Marine insurer refuses to pay yacht repair bill – and it turns out to be costly

Repairing any major damage to a ship or yacht will usually involve the involvement of the ship’s insurer. When making a request for redress, honesty is of paramount importance. We have previously explored the idea that even the suggestion of fraud on the part of the person seeking to make a claim under a marine insurance policy can result in the entire claim being rejected.

But what happens when an insurer refuses to pay a seemingly fair and reasonable repair bill? This is what happened in the High Court of England case ABS Company Ltd. vs. Pantaenius UK Ltd. and others (2020) where a £ 250,000 repair bill for a high-end yacht was disputed. We take a look at the case below and, as we will see, the yacht owner ultimately managed to charge for the repairs. The case is an edifying tale for any marine insurer when it disputes a repair bill. ParrisWhittaker is one of the leading maritime and maritime law firms based in the Bahamas. Our team of specialists regularly advises shipowners and insurers on their rights and obligations under specialized marine insurance contracts.

ABS Company Ltd. vs. Pantaenius (2020): What was the dispute about?

The case arose after a luxury yacht designed to navigate at high speed ran aground in Turkey’s Bosphorus Strait as it returned to its home port after a day trip. The owners spent £ 250,000 to repair the damage caused by the collision.

The yacht was built to a very specific design and a significant portion of the repair bill reflected the cost of shipping damaged parts to specialist technicians in Italy for repair. Insurers argued this was unreasonable – they believed parts could have been inspected and repaired much cheaper locally in Turkey.

The High Court judge (whose ruling will have convincing authority here in the Bahamas), however, agreed with the yacht owner. In his view, the damaged parts (highly specialized computer-controlled training systems) were integral to the proper functioning and performance of the vessel. It was “obvious” that they needed to be removed and inspected by the manufacturer in Italy. The judge included the provision that if the work could have been done locally, it should have been. But he had found no evidence from a repairman in Turkey that he was able to repair units to the standards required by policy.

The specific terms of the policy were as follows:

complaints for.. damage to the yacht shall be settled on the basis of the reasonable repair and / or replacement costs necessary to restore the yacht to as close as possible to its pre-accident condition. Where a claim is recoverable under this insurance, such necessary costs will include the cost of transporting the yacht to the nearest appropriate repair center.. ‘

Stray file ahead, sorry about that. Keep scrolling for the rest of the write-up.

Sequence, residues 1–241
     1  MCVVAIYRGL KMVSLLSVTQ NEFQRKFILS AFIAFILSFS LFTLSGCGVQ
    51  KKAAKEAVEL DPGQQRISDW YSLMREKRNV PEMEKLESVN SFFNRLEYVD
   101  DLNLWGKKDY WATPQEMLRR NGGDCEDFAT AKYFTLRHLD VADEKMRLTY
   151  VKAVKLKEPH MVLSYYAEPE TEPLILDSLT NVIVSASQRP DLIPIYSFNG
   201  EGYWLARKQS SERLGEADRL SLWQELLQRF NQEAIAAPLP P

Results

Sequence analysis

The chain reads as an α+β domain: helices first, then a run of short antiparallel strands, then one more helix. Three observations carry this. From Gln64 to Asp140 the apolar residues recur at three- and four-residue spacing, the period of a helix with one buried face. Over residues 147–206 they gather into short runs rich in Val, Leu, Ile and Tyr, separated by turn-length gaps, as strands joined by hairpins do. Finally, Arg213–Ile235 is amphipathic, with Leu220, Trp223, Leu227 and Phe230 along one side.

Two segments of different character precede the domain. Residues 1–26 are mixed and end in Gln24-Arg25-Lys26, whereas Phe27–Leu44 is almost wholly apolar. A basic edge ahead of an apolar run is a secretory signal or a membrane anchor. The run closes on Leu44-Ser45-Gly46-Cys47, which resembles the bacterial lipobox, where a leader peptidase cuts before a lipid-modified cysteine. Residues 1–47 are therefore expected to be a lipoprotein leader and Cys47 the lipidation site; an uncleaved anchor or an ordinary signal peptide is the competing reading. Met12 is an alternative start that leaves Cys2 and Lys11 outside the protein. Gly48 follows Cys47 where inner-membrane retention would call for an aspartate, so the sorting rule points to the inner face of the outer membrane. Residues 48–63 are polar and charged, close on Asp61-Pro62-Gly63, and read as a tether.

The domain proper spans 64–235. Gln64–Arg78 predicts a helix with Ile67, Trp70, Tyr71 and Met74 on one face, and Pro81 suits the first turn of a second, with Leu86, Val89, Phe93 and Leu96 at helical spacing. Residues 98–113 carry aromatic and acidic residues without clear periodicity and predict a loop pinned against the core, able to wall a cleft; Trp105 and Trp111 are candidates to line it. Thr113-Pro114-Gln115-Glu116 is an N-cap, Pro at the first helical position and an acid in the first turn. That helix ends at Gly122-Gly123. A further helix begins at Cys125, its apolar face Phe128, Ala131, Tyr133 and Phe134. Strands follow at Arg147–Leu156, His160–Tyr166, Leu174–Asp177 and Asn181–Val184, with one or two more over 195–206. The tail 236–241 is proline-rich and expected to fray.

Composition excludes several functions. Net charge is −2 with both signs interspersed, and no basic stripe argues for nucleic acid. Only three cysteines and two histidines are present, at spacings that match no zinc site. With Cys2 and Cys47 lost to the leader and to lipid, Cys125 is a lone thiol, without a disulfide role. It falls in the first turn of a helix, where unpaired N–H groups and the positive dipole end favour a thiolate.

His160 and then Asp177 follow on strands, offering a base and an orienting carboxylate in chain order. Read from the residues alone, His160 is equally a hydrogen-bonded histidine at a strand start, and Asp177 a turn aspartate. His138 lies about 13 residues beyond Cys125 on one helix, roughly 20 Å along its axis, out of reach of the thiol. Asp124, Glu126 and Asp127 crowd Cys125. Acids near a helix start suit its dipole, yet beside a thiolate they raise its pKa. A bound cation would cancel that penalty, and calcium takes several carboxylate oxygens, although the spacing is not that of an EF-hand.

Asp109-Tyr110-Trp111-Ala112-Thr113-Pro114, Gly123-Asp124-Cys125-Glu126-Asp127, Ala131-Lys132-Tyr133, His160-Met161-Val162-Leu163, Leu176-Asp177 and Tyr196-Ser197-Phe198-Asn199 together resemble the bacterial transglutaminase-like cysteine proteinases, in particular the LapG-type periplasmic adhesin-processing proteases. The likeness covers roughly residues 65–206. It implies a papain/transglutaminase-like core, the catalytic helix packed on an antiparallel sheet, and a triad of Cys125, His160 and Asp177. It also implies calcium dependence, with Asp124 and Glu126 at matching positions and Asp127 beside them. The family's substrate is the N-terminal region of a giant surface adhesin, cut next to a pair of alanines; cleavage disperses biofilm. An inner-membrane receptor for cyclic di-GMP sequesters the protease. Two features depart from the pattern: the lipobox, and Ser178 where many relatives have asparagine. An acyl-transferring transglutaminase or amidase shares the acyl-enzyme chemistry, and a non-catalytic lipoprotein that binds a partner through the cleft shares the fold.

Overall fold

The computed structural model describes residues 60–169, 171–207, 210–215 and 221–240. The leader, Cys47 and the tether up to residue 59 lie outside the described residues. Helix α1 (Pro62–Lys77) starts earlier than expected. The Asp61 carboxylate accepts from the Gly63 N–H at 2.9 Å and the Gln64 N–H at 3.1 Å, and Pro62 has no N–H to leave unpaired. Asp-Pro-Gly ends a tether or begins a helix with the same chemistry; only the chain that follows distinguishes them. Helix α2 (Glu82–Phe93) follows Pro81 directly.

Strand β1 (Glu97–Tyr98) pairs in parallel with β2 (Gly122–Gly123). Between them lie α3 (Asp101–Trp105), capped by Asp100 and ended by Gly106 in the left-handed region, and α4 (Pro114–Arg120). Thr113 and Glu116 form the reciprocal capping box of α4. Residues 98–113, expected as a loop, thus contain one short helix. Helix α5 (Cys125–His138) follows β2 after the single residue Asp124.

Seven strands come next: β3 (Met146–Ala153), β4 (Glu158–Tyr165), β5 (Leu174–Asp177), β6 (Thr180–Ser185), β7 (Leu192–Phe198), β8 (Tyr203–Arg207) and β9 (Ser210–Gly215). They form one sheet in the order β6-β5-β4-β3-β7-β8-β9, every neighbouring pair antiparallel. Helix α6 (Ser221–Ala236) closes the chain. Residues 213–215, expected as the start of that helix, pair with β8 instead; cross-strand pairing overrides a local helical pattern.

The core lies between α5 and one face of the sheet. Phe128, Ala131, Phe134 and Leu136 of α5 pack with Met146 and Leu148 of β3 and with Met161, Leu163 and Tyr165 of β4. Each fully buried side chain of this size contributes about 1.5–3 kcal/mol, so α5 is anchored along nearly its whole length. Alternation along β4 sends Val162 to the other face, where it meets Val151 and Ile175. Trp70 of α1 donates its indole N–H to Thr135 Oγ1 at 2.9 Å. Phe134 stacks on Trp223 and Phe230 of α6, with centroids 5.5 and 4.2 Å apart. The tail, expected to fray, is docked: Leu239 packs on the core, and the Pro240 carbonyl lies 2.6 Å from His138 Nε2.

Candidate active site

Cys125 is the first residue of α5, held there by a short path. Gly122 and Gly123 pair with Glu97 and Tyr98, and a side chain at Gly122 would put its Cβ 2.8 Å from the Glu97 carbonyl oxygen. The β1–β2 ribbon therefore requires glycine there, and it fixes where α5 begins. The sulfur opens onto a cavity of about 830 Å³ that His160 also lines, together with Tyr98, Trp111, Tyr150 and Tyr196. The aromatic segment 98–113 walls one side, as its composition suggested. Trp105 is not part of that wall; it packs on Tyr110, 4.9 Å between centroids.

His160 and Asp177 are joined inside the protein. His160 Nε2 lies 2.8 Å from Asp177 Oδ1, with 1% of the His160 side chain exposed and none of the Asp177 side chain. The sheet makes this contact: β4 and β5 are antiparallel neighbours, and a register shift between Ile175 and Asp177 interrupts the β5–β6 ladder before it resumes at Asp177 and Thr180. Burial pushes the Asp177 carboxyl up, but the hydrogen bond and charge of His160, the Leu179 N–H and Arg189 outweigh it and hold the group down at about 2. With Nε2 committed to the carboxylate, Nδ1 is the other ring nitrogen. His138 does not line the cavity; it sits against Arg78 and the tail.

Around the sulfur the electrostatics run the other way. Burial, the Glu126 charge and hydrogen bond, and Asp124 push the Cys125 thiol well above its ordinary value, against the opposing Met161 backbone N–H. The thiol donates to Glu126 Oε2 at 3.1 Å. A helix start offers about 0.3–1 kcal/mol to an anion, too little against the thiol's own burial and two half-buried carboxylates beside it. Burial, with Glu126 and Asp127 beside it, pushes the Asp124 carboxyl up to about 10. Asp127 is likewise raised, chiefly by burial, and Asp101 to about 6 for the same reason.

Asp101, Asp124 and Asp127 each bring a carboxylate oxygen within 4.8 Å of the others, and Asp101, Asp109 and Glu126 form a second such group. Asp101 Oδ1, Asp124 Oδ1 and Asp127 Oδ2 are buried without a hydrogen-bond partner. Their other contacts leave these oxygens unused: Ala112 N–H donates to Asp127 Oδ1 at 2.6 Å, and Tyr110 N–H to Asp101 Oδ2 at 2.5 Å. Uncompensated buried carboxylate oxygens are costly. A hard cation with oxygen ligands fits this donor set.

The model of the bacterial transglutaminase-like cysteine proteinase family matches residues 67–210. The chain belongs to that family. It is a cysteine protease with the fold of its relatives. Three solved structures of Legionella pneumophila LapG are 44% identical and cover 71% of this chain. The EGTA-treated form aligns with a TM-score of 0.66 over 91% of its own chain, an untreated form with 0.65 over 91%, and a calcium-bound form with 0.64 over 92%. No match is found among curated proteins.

Referring to an earlier English case, the judge confirmed that whether the cost of repairs is reasonable or not is an objective consideration, and whether the cost is

objectively reasonable, then this cost is recoverable by an insured – regardless of the insured’s motives.


The success of the yacht owner in ABS Company Ltd. the fact that his repair bill was paid more or less in full (some deductions were made for anti-fouling and tent measures which the judge considered excessive) is a stern warning to insurers. They will, in reasonable cases, be bound by their obligations under a marine insurance contract.

The case also gained attention for another reason: the legal costs involved. Almost a quarter of the 80-paragraph judgment deals with objections raised by insurers to the plaintiff’s legal costs. The costs claimed were £ 213,000 – a significant total given that the repair bill which was the subject of the case itself was £ 250,000.

Although the costs claimed were not paid in full, the yacht owner overcame many of the insurer’s objections. The level of legal fees is a clear demonstration – if needed – of the importance of trying to come to an agreement before court in cases like this, and of considering arbitration and other forms of ADR. In Each Case Although mediation was attempted in this case, it failed.

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